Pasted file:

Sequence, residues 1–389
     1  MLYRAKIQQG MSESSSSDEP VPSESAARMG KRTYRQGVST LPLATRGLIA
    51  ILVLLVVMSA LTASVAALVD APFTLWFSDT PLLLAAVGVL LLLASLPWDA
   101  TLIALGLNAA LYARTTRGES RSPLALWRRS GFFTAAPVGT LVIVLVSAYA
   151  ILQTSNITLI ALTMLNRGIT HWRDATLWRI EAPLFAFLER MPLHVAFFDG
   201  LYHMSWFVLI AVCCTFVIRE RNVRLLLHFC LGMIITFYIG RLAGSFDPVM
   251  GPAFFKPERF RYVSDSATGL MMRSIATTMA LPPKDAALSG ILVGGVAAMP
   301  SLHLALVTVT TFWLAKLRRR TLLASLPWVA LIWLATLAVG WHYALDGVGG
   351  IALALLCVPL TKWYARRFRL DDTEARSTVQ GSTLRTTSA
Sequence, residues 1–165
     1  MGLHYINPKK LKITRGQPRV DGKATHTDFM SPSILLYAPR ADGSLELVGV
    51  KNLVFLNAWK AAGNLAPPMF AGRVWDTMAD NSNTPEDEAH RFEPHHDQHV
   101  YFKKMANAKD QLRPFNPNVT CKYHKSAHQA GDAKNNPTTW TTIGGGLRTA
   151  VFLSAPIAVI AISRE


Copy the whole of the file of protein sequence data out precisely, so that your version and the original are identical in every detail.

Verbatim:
Sequence, residues 1–389
     1  MLYRAKIQQG MSESSSSDEP VPSESAARMG KRTYRQGVST LPLATRGLIA
    51  ILVLLVVMSA LTASVAALVD APFTLWFSDT PLLLAAVGVL LLLASLPWDA
   101  TLIALGLNAA LYARTTRGES RSPLALWRRS GFFTAAPVGT LVIVLVSAYA
   151  ILQTSNITLI ALTMLNRGIT HWRDATLWRI EAPLFAFLER MPLHVAFFDG
   201  LYHMSWFVLI AVCCTFVIRE RNVRLLLHFC LGMIITFYIG RLAGSFDPVM
   251  GPAFFKPERF RYVSDSATGL MMRSIATTMA LPPKDAALSG ILVGGVAAMP
   301  SLHLALVTVT TFWLAKLRRR TLLASLPWVA LIWLATLAVG WHYALDGVGG
   351  IALALLCVPL TKWYARRFRL DDTEARSTVQ GSTLRTTSA
Sequence, residues 1–165
     1  MGLHYINPKK LKITRGQPRV DGKATHTDFM SPSILLYAPR ADGSLELVGV
    51  KNLVFLNAWK AAGNLAPPMF AGRVWDTMAD NSNTPEDEAH RFEPHHDQHV
   101  YFKKMANAKD QLRPFNPNVT CKYHKSAHQA GDAKNNPTTW TTIGGGLRTA
   151  VFLSAPIAVI AISRE